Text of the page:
A highrise-sized asteroid, dubbed 2017 AG13, flew past the Earth at just half the distance separating the planet and its moon at 7:47 a.m. on January 9, but we barely saw it coming.
If the 10-storey (36 to 111 feet or 11 to 34 meters) long space rock, moving at 16 kilometers per second, had hit the Earth, it would have exploded with a force equivalent to about 35 of the nuclear bombs that destroyed Nagasaki.
While you were hitting snooze, we nearly hit an asteroid! At 7:47 AM EST an asteroid we only first spotted Saturday gave us a wake up call. pic.twitter.com/BbAQc7e2EJ
— Slooh (@Slooh) January 9, 2017
Using an asteroid impact simulator called “Impact Earth!” experts at Purdue University said that if a near-Earth object (NEO) the size of 2017 AG13 hit the Earth at a 45 degree-angle, it would likely have exploded high in the atmosphere releasing about 700 kilotons’ worth of energy. The atomic bomb detonated over Nagasaki on August 6, 1945, released 20 kilotons of energy.
According to Eric Edelman, an astronomer with the Slooh Observatory, 2017 AG13 was as large or even larger than the 65-foot wide meteor that exploded over the Russian city of Chelyabinsk in February 2013. That particular meteor caused a 5-foot fireball in the sky and injured more than 1,000 people on the ground.
We caught newly discovered asteroid 2017 AG13 as it made an extremely close approach to Earth this morning. It was closer than the Moon! pic.twitter.com/uKjWzGXmMA
— Slooh (@Slooh) January 9, 2017
2017 AG13, spotted by the scientists at the University of Arizona-based Catalina Sky Survey, only on January 7, was difficult to spot with available telescopes because of its relatively fast speed and a relatively low brightness level.
It was roughly half the size designed to be detected by NASA’s proposed NEOCam, an infra-red telescope surveying the sky for potentially damaging asteroids that have orbits intersecting with that of Earth’s. Mark Sykes, director and CEO of the Planetary Science Institute and one of the scientists behind the NEOCam, states:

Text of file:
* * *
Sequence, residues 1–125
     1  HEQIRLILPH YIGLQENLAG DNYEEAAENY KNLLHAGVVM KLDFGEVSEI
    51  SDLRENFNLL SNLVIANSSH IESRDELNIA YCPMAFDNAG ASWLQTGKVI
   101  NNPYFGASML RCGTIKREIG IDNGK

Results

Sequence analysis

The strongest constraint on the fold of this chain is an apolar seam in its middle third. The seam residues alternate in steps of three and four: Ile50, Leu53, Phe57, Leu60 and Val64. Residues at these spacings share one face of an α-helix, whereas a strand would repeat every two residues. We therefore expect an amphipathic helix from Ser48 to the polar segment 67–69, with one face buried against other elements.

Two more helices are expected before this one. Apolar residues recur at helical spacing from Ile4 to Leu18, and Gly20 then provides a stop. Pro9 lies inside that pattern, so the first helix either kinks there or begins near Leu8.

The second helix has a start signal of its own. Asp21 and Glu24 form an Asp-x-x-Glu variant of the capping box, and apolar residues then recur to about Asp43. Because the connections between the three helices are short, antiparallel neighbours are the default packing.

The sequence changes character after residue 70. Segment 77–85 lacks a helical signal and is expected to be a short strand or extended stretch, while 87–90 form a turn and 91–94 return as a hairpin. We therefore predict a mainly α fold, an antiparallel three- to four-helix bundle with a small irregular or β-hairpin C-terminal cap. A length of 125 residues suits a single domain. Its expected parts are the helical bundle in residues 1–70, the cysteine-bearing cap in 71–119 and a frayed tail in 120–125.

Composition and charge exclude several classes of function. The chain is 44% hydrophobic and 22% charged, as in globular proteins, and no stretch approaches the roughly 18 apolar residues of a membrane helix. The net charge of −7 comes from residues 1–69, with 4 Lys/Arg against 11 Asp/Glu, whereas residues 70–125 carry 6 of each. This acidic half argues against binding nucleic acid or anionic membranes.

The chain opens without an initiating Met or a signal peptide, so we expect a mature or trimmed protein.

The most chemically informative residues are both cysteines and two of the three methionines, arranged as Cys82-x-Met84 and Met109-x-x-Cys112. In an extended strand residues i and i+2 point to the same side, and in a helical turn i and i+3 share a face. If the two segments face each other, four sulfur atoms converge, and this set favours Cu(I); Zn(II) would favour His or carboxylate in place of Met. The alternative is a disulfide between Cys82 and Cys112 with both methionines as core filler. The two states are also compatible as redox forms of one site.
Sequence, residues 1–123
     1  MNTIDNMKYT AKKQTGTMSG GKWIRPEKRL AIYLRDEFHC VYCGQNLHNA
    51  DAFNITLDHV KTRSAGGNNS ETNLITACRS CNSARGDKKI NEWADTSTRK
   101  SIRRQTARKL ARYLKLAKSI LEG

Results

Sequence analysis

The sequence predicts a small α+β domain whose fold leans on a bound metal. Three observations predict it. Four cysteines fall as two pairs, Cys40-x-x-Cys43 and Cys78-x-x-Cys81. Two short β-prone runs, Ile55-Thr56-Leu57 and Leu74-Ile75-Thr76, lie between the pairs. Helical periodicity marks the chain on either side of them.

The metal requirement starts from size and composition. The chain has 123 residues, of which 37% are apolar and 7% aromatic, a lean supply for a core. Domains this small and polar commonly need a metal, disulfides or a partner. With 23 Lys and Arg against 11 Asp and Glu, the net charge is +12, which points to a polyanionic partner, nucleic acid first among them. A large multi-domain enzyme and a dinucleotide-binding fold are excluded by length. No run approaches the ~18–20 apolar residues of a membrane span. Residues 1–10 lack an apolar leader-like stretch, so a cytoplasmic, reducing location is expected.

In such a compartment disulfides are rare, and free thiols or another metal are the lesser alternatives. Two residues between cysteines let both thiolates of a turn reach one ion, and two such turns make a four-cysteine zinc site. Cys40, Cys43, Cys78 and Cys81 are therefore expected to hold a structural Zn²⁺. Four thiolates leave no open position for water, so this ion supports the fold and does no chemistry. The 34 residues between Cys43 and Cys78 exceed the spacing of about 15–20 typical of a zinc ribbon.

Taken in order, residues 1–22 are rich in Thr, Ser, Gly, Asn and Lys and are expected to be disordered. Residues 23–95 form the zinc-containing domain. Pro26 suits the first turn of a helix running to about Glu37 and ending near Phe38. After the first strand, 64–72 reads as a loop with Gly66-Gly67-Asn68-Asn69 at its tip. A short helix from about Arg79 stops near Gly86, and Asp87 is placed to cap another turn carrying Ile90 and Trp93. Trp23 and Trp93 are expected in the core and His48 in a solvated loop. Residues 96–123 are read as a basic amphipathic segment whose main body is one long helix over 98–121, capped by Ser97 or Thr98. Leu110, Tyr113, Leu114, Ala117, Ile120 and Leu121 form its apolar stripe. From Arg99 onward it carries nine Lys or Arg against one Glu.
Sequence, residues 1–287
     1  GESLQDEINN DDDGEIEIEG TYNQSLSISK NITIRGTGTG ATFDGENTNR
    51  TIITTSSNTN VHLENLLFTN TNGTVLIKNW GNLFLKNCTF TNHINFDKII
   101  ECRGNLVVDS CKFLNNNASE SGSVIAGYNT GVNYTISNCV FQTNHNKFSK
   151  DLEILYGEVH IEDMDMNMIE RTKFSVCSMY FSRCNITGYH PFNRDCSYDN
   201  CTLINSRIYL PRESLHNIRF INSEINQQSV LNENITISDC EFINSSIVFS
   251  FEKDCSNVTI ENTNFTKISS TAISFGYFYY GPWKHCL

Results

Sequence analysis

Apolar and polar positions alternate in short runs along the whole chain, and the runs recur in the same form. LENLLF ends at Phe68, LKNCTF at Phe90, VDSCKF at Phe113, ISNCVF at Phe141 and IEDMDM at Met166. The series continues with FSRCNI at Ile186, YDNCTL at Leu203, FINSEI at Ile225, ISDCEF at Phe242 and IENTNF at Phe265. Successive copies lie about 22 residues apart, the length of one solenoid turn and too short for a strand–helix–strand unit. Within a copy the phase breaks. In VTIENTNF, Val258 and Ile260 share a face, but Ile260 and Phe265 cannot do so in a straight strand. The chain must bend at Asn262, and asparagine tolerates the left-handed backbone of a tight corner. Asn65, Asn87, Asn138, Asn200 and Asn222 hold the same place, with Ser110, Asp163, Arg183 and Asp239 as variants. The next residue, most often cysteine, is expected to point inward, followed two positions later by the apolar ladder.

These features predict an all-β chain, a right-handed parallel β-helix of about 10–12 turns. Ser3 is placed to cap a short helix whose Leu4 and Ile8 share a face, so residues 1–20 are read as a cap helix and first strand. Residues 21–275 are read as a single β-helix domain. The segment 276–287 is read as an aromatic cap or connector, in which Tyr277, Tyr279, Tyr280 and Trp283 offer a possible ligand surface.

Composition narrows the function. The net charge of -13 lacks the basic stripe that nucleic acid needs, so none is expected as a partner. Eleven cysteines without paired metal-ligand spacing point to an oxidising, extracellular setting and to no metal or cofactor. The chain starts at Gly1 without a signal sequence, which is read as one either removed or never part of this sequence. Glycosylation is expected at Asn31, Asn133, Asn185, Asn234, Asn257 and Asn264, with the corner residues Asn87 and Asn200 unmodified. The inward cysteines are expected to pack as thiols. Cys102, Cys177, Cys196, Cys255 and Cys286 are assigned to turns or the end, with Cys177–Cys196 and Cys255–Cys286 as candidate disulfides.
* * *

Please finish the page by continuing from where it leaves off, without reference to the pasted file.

“NEOcam will detect small asteroids slightly larger – about 460 feet (140 meters) – than asteroids in the 2017 AG13 size range earlier they hit Earth. Such asteroids are capable of wreaking serious local damage if they enter the Earth’s atmosphere over major residential centers.”
— The NEOShield-2 Team (@NEOShieldTeam) January 9, 2017
Last year, Paul Chodas, leader of NASA’s Center for Near Earth Object Studies, told Motherboard an 800-foot space rock, expected to collide with Earth in late September of 2020, could easily wipe out a city the size of Los Angeles:
“The air burst is the main hazard if the asteroid hit anywhere near land, which in this case would be equivalent to a 50 megaton explosion which would cause a large shock wave. It would be devastating for a region with a 40-50 kilometer radius around the impact point.”
Yet, according to Business Insider, NEOCam, a superior asteroid-hunting space telescope, last week received only partial funding from NASA to continue its search – because NASA preferred to invest in Lucy (which will explore swarms of asteroids in Jupiter’s orbit) and Psyche (which will fly out to and investigate the giant metallic core of a dead proto-planet).
Last month, the White House released a document (which was promptly removed from the official White House website soon after Donald Trump became the 45th president of the United States) outlining a Near-Earth Object Preparedness Strategy.
The document, citing the 1908 explosion of an estimated 130-foot object that felled trees across hundreds of square miles in central Russia, warned that asteroids a little larger than the highest estimate for 2017 AG13 could cause serious problems.
“As with other low-probability, high-consequence hazards, potential NEO impacts pose a significant and complex challenge. This Strategy is a step in addressing the myriad challenges of managing and reducing the risks posed by both large and small NEOs.
“The seven high-level goals and associated objectives outlined in this Strategy support a collaborative and Federally-coordinated approach to developing effective policies, practices, and procedures for decreasing the Nation’s vulnerabilities associated with the NEO impact hazard.”
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